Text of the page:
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State Rep. Andy McKean, who was first elected to the Iowa legislature in 1978 and has served in both chambers, said Tuesday that despite the disappointment from friends and colleagues, his support of the Republican Party's standard-bearer -- Trump -- was becoming untenable in light of the 2020 election.
"The time comes when you have to be true to yourself and follow the dictates of your conscience," the 69-year-old former lawyer said at a press conference Tuesday. "For me, that time has come."
Specifying the reasons for his split, he pointed to the Trump administration's fiscal, foreign and environmental policies and the president's fomenting of what he called "hateful rhetoric and actions," all of which he said the U.S. will "soon pay a heavy price for."
McKean said the phenomenon in the White House is part of a broader shift in politics in which partisanship is favored over moderation, which made him "increasingly uncomfortable" with the Republican stance on a myriad of issues.
"If this is the new normal, I want no part of it," McKean said.
The Iowa House is now composed of 53 Republicans and 47 Democrats. The shift in balance follows a five-seat gain by Democrats during the 2018 midterm elections.
McKean's defection prompted a critical response from Republican Party of Iowa chairman Jeff Kaufmann, who said McKean is "about to feel the headwind" of Trump's support in his district.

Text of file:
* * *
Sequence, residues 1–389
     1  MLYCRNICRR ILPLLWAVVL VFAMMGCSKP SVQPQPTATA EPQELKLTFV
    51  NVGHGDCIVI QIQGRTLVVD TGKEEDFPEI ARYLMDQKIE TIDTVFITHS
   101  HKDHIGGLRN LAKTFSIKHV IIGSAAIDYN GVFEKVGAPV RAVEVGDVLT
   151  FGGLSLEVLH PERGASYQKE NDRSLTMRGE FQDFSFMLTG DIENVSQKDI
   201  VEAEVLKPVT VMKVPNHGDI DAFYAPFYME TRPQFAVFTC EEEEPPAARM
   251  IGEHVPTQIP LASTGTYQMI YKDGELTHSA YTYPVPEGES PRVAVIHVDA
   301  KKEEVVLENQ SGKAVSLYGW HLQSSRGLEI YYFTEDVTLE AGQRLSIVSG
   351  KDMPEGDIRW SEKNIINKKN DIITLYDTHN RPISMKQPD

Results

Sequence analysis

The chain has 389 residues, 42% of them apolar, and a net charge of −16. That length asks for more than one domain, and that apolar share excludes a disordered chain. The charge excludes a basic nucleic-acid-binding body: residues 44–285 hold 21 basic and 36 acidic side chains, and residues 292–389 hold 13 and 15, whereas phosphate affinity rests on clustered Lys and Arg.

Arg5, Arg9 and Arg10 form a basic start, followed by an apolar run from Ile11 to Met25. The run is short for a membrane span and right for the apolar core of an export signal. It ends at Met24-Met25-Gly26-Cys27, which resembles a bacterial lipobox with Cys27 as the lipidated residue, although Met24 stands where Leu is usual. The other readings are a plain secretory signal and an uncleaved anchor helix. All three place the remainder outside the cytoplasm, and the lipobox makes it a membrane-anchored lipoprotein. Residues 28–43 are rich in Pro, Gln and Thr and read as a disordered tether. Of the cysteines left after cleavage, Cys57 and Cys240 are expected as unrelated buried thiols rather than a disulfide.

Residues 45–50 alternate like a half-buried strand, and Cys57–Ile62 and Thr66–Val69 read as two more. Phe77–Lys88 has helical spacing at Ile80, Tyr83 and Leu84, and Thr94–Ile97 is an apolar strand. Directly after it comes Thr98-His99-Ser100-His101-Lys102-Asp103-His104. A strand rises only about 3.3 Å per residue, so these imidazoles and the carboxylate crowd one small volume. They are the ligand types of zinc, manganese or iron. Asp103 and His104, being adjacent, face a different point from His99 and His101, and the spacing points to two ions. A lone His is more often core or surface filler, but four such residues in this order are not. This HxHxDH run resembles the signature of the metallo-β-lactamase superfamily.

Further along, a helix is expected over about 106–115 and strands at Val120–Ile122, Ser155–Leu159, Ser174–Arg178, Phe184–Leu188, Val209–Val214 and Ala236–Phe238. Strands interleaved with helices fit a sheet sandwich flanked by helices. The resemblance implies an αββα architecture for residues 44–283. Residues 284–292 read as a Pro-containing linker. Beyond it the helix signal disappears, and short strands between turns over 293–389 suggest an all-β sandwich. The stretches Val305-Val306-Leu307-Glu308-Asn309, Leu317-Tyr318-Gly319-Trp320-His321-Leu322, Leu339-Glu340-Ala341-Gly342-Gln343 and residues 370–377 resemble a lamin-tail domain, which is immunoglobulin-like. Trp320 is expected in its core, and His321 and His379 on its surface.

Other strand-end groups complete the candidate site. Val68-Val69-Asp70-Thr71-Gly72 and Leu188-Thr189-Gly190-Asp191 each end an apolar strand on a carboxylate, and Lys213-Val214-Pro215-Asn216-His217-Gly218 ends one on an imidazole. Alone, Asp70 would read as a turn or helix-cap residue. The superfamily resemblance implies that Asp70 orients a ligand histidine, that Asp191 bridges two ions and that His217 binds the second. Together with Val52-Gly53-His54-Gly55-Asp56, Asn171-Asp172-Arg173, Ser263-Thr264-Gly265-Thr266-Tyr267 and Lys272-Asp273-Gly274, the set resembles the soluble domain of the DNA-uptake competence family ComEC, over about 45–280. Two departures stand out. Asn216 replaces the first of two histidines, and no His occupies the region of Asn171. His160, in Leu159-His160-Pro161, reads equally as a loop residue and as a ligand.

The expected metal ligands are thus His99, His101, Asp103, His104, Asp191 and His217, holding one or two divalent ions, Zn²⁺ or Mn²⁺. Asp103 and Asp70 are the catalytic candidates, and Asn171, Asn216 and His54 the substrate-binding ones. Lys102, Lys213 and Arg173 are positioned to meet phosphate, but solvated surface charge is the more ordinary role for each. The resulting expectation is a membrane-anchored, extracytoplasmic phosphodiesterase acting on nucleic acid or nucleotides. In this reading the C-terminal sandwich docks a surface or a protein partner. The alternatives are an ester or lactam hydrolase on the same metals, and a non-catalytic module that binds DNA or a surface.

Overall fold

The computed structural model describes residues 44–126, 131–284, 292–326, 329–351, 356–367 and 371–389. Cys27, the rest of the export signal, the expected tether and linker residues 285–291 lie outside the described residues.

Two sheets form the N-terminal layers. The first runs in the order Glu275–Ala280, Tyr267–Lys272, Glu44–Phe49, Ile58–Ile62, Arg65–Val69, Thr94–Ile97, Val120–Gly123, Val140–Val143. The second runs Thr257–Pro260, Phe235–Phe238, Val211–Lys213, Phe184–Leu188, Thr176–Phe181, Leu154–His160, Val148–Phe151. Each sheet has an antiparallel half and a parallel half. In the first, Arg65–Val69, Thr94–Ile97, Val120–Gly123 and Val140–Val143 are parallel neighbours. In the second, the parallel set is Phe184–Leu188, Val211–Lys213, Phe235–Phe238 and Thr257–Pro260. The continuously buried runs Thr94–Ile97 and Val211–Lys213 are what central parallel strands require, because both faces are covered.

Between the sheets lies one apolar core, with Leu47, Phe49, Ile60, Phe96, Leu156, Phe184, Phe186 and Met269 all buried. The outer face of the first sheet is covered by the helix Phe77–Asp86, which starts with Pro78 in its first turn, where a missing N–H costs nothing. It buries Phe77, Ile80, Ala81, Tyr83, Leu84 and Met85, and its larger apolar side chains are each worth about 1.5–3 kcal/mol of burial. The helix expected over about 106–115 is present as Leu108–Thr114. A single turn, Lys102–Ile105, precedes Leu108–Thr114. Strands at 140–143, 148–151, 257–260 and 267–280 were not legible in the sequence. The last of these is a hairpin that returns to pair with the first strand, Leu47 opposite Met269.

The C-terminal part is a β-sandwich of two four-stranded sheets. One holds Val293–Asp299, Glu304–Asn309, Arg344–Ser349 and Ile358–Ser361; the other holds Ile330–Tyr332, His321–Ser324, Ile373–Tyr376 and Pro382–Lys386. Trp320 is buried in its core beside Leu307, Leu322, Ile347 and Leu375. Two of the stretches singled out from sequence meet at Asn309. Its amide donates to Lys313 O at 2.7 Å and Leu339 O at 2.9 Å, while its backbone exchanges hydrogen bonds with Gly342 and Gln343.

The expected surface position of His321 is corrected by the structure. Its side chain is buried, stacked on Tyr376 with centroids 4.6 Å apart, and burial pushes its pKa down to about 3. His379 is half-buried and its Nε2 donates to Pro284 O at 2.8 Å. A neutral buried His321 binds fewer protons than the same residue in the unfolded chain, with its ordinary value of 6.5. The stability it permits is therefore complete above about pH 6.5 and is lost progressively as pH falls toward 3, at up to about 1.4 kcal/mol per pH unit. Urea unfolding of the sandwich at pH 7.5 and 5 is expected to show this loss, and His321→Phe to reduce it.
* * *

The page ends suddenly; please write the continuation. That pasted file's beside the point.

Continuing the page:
"It's disappointing that he felt the need to deceive Iowans," Kaufmann said in a tweet. "If the people of District 58 can't trust him on something as simple and fundamental as what party he belongs to, how can they trust him on any issue."
It's disappointing that he felt the need to deceive Iowans - if the people of District 58 can't trust him on something as simple and fundamental as what party he belongs to, how can they trust him on any issue. #ialegis #iagov #iapolitcs— Jeff Kaufmann (@kaufmannGOP) April 23, 2019
Jessica Post, executive director of the Democratic Legislative Campaign Committee, said in a statement, "Representative McKean didn't leave the Republican Party. The Republican Party left him -- and their loss is our gain."